from the world's big
Re: How has China changed?
David Dollar has served as the World Bank's China Director and is currently the U.S. Treasury Department's Economic and Financial Emissary to China.
Before this assignment, Mr. Dollar worked as Director for the development research department of the World Bank, overseeing the Bank’s research on the investment climate and growth. He co-authored the recent World Bank reports Globalization, Growth, and Poverty and Assessing Aid. His earlier work focused on aid and growth, and the determinants of the success and failure of reform programs supported by structural adjustment lending. He has been a key World Bank spokesperson on investment climate, globalization, and the effectiveness of aid.
He has a PhD in economics from New York University and a B.A. in Chinese history and language from Dartmouth College.
Virginia Postrel: Good question. Well I went to Taiwan 30 years ago. I didn't get to the mainland, but I did live in Beijing in 1986. So 21 years ago I was living in Beijing, and I belonged to a Chinese work unit when I was teaching at the Chinese Academy of Social Sciences in Beijing. And even after 10 years of reform, you still had rationing. I had to get a ration coupon in order to buy a bicycle. And because I was a foreign expert I kind of jumped the queue, and I had all the resentment of my coworkers. In a short time I got a lot of insight into many of the problems with planned systems and rationing. And now if you go back to Beijing, it's just unbelievable how open the economy is. You can just walk into an ordinary supermarket, buy all kinds of recognizable brands from around the world. You can by Kellogg's Cereal. You can buy Australian wine cheaper than in the United States. You can buy a wide range of electronic products. You can go get an iPod Nano more or less the same price you pay in the United States. Now some of that may seem shallow. And if you're a very rich country you can sneer a little bit at availability of electronics and food; but if you're a poor country where in living memory people were starving to death, it's quite a remarkable thing to go into markets and have a wide range of products; to be able to buy food; to be able to buy imported goods. This has really tremendously improved the material standing of people in China. And I think that's a key first stage of development . . . of economic development. It's just meeting the basic, material human needs. I wouldn't want to exaggerate. So it is still a one party system, and the most recent speeches of President . . . make it clear that the leadership envisages the continuation of a one party system for the foreseeable future. But there has been some political change. There is much more open dialogue in many areas, not in every area; but for a lot of economic, and environmental, and social policy, there's a wide debate in the press, and on university campuses, on television. So I do a certain amount of live TV where we argue about environment policies or social policies. So I think there's more freedom to speak out about a range of issues, but not about every issue. I think there's more participation of ordinary people at the local level. So you see lots of examples. In the countryside you have some villages where they're actually electing the village heard; and probably more importantly, cases where people vote on how to spend the small amount of village budget that there is. They have a little bit of money, and people vote on do you want to improve the road into town? Or do you want to dig new wells? Or do you want to improve the school? So I think that kind of participation at a very local level is important for getting good public services. And you definitely see that kind of participation both in cities and the countryside growing in China, but all within the context of a one party system.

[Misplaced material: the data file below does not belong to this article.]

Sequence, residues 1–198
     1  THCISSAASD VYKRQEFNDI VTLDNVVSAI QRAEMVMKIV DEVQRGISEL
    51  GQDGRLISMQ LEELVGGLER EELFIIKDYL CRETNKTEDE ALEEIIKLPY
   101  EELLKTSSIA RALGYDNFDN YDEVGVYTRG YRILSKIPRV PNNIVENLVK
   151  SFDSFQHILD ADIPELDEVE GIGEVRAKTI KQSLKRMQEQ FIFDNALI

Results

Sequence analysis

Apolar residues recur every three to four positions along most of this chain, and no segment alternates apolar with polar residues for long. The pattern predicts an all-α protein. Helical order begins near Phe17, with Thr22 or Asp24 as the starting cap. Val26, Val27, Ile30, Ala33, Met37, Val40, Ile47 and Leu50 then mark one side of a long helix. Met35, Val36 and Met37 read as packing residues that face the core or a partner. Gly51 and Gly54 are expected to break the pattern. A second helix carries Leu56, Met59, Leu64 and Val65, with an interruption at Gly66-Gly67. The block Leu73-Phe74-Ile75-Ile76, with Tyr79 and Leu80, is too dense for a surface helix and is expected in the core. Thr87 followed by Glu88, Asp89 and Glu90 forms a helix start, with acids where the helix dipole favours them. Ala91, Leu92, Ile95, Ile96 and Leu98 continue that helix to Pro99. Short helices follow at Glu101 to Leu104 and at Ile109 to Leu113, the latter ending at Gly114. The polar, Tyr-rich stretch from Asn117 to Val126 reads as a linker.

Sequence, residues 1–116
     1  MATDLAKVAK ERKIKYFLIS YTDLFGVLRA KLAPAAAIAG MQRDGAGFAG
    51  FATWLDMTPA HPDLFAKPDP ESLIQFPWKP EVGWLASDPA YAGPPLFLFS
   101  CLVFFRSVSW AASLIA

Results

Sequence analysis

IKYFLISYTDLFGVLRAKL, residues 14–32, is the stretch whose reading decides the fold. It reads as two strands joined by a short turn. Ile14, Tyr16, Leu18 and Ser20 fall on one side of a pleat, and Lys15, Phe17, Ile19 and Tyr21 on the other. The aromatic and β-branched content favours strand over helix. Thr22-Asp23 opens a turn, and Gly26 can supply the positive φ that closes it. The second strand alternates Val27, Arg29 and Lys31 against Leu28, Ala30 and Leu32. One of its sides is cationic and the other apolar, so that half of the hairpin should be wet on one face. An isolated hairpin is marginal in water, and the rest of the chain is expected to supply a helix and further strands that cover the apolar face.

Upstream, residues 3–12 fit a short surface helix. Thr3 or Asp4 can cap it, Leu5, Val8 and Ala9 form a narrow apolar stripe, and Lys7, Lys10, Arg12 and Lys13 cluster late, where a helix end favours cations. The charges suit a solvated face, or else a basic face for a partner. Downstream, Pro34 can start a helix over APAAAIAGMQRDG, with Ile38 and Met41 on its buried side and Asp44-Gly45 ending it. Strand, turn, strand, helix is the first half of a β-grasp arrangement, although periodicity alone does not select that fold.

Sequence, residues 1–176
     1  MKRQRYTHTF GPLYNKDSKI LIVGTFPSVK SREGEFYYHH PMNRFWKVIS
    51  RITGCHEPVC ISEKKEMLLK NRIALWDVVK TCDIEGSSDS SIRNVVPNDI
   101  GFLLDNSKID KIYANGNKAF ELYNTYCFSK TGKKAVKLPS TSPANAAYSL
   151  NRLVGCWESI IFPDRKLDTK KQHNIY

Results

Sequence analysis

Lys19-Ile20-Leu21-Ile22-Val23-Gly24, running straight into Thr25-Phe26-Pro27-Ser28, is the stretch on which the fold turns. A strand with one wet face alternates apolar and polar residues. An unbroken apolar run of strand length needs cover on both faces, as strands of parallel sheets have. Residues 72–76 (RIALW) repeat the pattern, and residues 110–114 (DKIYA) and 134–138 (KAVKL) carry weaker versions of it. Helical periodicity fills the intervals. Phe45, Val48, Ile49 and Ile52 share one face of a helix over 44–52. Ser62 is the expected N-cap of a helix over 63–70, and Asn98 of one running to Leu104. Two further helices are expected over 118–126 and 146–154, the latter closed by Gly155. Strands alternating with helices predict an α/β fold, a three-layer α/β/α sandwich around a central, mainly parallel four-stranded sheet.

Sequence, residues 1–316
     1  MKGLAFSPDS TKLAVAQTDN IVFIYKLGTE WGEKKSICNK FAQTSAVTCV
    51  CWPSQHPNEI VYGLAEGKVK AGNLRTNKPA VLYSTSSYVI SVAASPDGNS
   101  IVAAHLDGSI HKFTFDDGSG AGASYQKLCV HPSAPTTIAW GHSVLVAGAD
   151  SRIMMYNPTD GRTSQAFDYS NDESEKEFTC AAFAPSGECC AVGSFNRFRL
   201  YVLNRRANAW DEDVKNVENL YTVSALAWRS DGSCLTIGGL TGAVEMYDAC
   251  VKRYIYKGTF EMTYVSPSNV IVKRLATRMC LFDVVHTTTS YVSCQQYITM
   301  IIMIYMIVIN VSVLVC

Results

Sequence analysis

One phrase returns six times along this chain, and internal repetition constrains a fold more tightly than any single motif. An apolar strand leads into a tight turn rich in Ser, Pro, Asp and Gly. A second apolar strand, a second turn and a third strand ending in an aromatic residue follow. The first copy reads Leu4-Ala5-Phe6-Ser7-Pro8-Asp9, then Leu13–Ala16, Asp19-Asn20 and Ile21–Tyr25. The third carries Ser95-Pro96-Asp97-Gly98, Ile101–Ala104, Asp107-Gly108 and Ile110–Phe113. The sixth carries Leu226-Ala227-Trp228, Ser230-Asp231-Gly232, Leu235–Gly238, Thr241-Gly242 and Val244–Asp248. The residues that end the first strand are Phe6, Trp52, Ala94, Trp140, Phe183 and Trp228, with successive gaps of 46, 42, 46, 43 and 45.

Recorded on: 7/3/07
In the last thirty years, people's lives have become more open and comfortable.
Are we genetically inclined for superstition or just fearful of the truth?
- From secret societies to faked moon landings, one thing that humanity seems to have an endless supply of is conspiracy theories. In this compilation, physicist Michio Kaku, science communicator Bill Nye, psychologist Sarah Rose Cavanagh, skeptic Michael Shermer, and actor and playwright John Cameron Mitchell consider the nature of truth and why some groups believe the things they do.
- "I think there's a gene for superstition, a gene for hearsay, a gene for magic, a gene for magical thinking," argues Kaku. The theoretical physicist says that science goes against "natural thinking," and that the superstition gene persists because, one out of ten times, it actually worked and saved us.
- Other theories shared include the idea of cognitive dissonance, the dangerous power of fear to inhibit critical thinking, and Hollywood's romanticization of conspiracies. Because conspiracy theories are so diverse and multifaceted, combating them has not been an easy task for science.